Dear Carolyn: I recently started dating somebody new who is considerably taller than I (I’m a guy). It’s not news to me that I’m short, and even before we met I’d advised her that it wasn’t an issue for me if she was taller, and I hoped it wasn’t an issue for her.
Flash-forward 10 dates. We talk, we text, we get along. Things, I thought, were going along great, until yesterday she says: “I’d really like it if you’d start wearing heels or lifts in your shoes, because the height difference makes me very self-conscious when we’re out in public.”
Now, I get that everybody’s entitled to their preferences, OK, but it really hurt, and to me this would be like my saying to her: “Gee, I like you and all, but you’re really flat-chested, so when we go out in public could you wear falsies so everybody else will think you’re stacked?” I really like this woman, but if she doesn’t really like the real me, how much of a future could we have? – Seattle
That’s one way to look at it. Another is, if she could really ask that of anyone with a straight face, how much of a future would you want?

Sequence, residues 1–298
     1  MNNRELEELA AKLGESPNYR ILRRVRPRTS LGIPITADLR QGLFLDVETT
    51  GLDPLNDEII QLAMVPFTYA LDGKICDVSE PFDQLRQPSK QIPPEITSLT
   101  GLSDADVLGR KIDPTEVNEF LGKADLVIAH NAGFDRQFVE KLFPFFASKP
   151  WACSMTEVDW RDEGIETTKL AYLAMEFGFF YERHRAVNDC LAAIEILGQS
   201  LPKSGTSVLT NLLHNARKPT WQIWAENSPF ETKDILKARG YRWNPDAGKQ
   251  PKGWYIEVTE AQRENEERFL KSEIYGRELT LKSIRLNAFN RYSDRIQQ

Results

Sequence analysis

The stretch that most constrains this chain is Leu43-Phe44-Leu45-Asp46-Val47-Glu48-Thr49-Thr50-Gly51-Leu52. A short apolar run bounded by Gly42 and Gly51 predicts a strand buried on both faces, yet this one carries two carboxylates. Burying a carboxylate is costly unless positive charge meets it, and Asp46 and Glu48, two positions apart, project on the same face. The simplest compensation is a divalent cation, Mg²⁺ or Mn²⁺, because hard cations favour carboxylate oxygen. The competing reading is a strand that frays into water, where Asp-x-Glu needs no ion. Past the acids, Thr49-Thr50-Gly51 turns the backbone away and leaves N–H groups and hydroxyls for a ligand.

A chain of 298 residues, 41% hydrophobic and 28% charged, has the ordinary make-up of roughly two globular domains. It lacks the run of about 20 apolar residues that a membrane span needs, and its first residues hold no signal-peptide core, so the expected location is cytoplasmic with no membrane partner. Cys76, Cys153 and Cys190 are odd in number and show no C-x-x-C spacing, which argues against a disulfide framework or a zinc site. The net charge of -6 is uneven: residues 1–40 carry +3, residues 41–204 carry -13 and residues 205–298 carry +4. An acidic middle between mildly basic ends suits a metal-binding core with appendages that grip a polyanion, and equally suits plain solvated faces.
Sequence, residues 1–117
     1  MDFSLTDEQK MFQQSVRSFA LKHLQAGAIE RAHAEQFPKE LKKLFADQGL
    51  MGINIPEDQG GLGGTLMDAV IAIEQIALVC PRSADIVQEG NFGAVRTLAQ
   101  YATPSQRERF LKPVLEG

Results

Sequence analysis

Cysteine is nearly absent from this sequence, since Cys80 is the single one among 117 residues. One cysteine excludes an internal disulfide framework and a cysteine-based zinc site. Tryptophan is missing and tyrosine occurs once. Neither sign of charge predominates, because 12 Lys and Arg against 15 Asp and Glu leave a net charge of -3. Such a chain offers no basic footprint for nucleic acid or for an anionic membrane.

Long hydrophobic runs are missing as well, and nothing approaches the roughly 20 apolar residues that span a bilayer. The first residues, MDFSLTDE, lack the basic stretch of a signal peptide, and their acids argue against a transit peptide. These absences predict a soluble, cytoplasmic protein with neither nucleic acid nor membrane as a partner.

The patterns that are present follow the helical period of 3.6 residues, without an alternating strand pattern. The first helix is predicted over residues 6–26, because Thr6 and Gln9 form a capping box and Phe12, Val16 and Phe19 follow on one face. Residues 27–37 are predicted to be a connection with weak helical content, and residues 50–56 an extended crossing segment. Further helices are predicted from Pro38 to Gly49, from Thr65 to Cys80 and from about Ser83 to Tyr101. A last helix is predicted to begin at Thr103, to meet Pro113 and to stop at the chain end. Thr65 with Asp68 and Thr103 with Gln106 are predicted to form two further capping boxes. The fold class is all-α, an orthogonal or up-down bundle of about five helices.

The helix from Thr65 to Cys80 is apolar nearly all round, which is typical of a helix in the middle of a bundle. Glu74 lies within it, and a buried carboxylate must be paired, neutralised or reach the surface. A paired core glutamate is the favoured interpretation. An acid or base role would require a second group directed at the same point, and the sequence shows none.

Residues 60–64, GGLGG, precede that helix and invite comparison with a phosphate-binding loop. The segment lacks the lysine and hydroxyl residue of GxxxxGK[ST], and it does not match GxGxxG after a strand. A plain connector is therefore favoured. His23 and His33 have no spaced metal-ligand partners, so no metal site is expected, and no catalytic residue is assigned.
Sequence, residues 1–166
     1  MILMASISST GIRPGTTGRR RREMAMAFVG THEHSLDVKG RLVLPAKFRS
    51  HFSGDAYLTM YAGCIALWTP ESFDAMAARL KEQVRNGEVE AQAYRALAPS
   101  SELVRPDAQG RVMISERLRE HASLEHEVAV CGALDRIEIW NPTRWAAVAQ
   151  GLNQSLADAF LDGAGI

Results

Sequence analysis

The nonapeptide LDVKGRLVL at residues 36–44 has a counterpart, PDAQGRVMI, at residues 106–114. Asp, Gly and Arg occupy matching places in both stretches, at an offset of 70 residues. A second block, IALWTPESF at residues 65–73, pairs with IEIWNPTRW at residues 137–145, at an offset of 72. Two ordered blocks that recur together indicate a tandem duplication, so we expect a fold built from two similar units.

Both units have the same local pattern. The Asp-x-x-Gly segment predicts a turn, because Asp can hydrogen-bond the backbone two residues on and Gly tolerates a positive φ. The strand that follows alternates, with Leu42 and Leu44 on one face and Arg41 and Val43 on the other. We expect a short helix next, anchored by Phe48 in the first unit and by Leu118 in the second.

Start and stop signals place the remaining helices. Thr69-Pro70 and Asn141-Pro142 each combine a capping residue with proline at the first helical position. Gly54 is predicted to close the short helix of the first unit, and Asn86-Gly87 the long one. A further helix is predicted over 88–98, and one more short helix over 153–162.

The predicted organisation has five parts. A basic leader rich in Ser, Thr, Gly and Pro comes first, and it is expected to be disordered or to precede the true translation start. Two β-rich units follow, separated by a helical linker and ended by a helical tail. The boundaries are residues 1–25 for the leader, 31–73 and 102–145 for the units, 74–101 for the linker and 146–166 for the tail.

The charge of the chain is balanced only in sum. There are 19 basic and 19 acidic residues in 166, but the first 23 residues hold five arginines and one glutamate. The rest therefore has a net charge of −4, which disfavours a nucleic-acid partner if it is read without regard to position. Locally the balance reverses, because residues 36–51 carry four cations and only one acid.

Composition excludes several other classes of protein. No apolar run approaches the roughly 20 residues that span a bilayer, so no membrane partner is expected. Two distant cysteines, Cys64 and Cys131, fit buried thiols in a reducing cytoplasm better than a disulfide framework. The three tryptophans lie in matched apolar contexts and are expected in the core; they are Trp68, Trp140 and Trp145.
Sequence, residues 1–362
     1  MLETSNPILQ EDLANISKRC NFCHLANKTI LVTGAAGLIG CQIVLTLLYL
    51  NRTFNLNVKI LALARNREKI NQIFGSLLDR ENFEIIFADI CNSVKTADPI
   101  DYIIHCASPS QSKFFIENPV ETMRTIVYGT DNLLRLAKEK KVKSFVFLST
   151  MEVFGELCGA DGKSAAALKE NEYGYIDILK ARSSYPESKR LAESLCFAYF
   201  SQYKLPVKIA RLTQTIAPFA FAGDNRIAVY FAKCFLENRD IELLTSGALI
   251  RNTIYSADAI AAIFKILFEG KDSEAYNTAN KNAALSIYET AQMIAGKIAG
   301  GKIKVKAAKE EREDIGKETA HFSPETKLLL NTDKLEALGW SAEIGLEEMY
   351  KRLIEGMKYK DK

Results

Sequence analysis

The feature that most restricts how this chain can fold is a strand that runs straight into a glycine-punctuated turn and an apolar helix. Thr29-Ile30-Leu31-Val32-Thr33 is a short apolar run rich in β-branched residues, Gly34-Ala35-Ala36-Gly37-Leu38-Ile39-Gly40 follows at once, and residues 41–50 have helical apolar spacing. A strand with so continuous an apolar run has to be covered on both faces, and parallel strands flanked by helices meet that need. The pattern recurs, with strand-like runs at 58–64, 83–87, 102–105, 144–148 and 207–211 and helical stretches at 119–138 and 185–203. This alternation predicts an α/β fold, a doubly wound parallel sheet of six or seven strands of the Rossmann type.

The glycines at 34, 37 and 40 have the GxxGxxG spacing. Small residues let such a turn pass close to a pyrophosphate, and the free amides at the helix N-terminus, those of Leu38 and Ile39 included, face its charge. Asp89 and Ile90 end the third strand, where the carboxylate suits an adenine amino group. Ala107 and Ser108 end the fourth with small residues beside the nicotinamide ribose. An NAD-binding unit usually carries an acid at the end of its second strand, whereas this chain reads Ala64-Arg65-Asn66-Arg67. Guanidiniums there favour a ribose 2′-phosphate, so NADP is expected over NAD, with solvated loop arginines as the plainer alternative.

Shallow and presumptuous is some kind of one-two punch.
What you do next depends on whether you find her request offensive, or just stupid. If it’s the former (or both), you and she are probably done.
Unfortunately, the moment for that kind of on-the-spot incredulity has passed, and to raise the issue now you’d need to speak in full sentences.
Your “it would be like my saying to her” example would get your point across nicely.
By posing it to her that way, you give her a chance to deplore her stupidity and embrace your short self – on the theory that everyone draws a stupid conclusion occasionally, and we’d probably all appreciate a chance to rethink them. If she flunks, then at least you’ll both know why you no longer call.
sponsored Jargon is confusing, by definition. And the financial world has its own set of cryptic words.